App Development: What Are the Main Differences Between NoSQL & SQL Databases

App development has become so prominent today because of how interconnected everything is through digital. Desktop, web, mobile, and cloud-based applications permeate various industries. Recreational and business avenues alike rely on apps to run, with the market only continuing to grow as the years go by.

App Development What Are the Main Differences Between NoSQL & SQL Databases

With over seven million apps across iOS and Android alone, there are no signs of things slowing down as thousands more get added every month. The amount of engagement and revenue for apps keeps development in demand. TikTok, the top grossing app of 2022, generated $2 billion revenue. Even major gaming mobile apps that experienced a decline saw staggering revenue, with PUBG Mobile getting $1.12 billion.

With so much data being created, stored, and modified, using a proper database is essential for these applications to survive. The right one will depend on the actual use case, so it’s important to know the main differences between NoSQL vs.SQL databases.

What is an SQL Database?

An SQL, or Structured Query Language, database is a popular kind of relational database management system (RDBMS) that was first developed in the 1970s by IBM. Its primary purpose is to serve data banks to store and manage data in a structured way.

You’ll commonly see data organized into predefined columns and data types within a tabular structure. This makes establishing relationships between tables and keys more efficient. Essentially, SQL lets you define and implement a database and then manage it afterward. So, if you need to modify, collect, or enter data, you would be able to do so within the database management system.

Any data engineer in 2023 will know the role of SQL databases in a modern roadmap for data science, machine learning, and web and app development. SQL is fundamental, along with normalization and ACID transactions. From there, developers must consider horizontal vs. vertical scaling and dimensional modeling. Popular relational databases to work with are MySQL, PostgreSQL, MariaDB, and Amazon Aurora.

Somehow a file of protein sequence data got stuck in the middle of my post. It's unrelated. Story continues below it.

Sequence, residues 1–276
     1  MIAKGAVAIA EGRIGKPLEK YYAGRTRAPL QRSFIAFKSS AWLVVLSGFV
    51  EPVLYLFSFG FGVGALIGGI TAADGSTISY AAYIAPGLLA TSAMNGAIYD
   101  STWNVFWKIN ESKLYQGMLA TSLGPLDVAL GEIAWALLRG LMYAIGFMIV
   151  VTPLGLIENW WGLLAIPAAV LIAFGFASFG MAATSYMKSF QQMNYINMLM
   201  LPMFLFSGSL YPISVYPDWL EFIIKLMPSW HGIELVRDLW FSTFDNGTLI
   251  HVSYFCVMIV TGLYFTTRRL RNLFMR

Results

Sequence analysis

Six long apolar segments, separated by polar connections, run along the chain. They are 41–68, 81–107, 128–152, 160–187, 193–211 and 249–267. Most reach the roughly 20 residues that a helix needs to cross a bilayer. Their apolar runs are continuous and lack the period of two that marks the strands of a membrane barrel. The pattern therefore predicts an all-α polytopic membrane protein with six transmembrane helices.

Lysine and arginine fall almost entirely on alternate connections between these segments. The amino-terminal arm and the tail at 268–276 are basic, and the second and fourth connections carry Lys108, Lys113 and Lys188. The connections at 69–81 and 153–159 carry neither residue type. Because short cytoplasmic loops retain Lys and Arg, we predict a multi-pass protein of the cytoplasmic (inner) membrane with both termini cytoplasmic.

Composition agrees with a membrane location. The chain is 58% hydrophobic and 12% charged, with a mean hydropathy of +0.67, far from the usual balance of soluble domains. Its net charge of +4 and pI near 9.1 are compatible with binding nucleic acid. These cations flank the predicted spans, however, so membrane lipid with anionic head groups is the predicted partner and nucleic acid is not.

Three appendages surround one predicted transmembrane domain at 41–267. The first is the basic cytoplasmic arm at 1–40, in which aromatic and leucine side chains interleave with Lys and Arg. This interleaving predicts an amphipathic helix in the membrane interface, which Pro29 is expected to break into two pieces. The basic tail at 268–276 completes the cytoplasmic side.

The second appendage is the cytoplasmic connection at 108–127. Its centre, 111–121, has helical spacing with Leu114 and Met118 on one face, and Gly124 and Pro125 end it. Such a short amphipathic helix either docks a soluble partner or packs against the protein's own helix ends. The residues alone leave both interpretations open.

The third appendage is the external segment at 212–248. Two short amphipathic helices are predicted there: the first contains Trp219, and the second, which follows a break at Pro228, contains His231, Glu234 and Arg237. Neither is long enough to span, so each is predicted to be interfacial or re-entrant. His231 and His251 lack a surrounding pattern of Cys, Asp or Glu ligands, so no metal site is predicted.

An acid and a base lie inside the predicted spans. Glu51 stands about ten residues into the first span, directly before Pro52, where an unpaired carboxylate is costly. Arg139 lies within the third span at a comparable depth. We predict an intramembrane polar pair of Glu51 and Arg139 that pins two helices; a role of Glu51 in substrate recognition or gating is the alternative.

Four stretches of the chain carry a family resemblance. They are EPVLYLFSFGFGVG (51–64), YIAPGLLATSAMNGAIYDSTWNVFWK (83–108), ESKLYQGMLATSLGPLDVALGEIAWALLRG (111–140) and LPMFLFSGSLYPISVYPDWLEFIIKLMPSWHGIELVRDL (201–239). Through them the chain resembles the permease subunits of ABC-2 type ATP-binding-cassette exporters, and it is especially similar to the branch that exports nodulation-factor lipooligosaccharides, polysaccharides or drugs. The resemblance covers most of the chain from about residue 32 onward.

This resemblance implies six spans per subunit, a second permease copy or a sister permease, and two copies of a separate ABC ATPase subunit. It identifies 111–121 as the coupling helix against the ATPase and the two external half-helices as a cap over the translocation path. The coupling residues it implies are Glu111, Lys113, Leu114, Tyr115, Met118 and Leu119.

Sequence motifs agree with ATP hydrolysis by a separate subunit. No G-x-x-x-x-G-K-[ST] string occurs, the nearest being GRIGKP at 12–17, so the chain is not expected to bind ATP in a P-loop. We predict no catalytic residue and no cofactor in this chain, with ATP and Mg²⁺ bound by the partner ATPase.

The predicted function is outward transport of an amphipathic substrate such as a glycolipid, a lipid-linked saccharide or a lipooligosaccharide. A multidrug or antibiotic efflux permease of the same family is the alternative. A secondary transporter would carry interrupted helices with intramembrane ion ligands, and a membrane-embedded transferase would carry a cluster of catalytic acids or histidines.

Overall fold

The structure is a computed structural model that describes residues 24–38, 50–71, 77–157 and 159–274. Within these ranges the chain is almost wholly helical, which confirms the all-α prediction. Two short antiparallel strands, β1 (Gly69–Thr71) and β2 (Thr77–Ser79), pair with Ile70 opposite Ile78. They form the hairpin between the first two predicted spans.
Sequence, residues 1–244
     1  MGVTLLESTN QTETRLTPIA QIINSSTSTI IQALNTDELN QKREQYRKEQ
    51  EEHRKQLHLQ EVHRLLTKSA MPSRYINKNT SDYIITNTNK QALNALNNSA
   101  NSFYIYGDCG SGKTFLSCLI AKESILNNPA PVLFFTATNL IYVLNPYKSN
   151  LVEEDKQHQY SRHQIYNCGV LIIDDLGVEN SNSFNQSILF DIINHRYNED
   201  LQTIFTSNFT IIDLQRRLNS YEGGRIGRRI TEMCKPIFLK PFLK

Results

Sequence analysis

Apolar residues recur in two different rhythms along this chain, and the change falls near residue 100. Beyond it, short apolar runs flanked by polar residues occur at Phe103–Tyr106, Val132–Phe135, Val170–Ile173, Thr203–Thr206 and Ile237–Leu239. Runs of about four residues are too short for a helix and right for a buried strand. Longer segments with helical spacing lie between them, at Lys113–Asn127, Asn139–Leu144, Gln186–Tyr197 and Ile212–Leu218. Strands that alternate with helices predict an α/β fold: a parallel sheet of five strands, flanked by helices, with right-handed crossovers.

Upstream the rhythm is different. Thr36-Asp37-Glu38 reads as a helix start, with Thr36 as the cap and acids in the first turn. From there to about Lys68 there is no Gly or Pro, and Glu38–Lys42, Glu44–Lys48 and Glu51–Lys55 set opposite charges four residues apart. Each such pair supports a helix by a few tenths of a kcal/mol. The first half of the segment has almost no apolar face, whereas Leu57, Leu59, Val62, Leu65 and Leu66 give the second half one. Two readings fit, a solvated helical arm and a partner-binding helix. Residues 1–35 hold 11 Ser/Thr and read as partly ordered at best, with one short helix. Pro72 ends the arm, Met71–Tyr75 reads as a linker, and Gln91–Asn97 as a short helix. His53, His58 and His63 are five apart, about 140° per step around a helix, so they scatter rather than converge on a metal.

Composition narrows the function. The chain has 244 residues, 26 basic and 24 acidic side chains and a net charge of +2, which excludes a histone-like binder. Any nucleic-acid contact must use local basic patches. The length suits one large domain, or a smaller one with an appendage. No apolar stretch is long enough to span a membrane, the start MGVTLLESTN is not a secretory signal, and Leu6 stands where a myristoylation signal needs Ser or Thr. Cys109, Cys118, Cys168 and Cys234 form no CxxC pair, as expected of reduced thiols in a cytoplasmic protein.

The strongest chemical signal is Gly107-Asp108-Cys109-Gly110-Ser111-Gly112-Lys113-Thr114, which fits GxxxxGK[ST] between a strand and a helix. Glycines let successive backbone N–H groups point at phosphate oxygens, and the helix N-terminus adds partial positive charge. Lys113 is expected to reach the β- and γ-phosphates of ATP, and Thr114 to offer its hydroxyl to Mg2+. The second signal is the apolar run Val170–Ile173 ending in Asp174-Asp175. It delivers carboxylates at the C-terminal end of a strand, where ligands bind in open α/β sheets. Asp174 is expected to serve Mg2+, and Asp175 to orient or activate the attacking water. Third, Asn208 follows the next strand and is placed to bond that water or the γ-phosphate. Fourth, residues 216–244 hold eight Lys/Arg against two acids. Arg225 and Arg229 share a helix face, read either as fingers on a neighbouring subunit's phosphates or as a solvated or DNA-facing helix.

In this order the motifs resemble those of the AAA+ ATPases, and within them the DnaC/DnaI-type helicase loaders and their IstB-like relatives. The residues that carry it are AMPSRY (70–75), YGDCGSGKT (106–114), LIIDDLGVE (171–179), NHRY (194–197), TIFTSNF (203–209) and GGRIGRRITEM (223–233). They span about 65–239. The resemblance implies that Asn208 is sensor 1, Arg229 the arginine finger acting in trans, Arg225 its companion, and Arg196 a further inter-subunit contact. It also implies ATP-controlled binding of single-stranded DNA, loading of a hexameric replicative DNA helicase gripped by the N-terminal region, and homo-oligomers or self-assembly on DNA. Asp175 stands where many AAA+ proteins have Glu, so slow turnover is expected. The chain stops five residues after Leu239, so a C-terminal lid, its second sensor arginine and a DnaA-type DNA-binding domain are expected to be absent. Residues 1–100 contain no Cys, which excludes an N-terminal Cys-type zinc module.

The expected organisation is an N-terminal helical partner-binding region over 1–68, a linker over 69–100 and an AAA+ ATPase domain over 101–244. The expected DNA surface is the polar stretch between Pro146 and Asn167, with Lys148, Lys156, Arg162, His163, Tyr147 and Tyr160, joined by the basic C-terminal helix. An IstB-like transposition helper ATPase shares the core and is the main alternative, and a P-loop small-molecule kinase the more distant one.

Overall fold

Main Use Cases for SQL

The dynamic nature of SQL databases makes it a common choice for healthcare, finance, and marketing. Data analytics is a core component of decision-making in businesses, so SQL derives its insights from databases that collect essential information on a real-time basis.

It’s also worth noting that MySQL is one of the most basic AI tools that developers need to learn when creating applications for Web2. This same skill set can then be carried over to Web3 development. As web applications constantly handle data requests, frameworks need to be used for various functions like querying, code groupings, and app sharing without the need for source code to be manually shared each time.

What is a NoSQL Database?

A No SQL database is flexible. Unlike SQL, it does not use a relational data model, which means you primarily scale horizontally and can make iterations more quickly. This is because it has a flexible schema that allows for fast queries and changes. It has become popular with developers because of it makes mapping and coding much easier.

Aside from simplifying the process for developers (with less code needed in the first place), it also allows for fewer bugs and shortened development time. This makes it a viable resource for quick deployment and constant updates. Although SQL databases still lead in terms of the most popular database management systems in 2023, the top NoSQL options in the market are MongoDB and Redis.

The former makes use of disk data storage, while the latter uses in-memory storage. What has made MongoDB so popular is its constant updates, adding support for new libraries and must-haves like ACID transactions in shared clusters.

Main Use Cases for NoSQL

Because of its framework, you can commonly see modern NoSQL used in catalog management, IoT, messaging, and content management systems. It allows for solid customization while handling different types of data easily. It’s very scalable, meaning you can adjust to demand at high speed and “cheaper” implementation.

As big data continues to grow at a rapid pace, NoSQL becomes the solution for developers to have a more reasonable workflow. Hence, huge platforms like Facebook, Netflix, and Google have made the switch to NoSQL.

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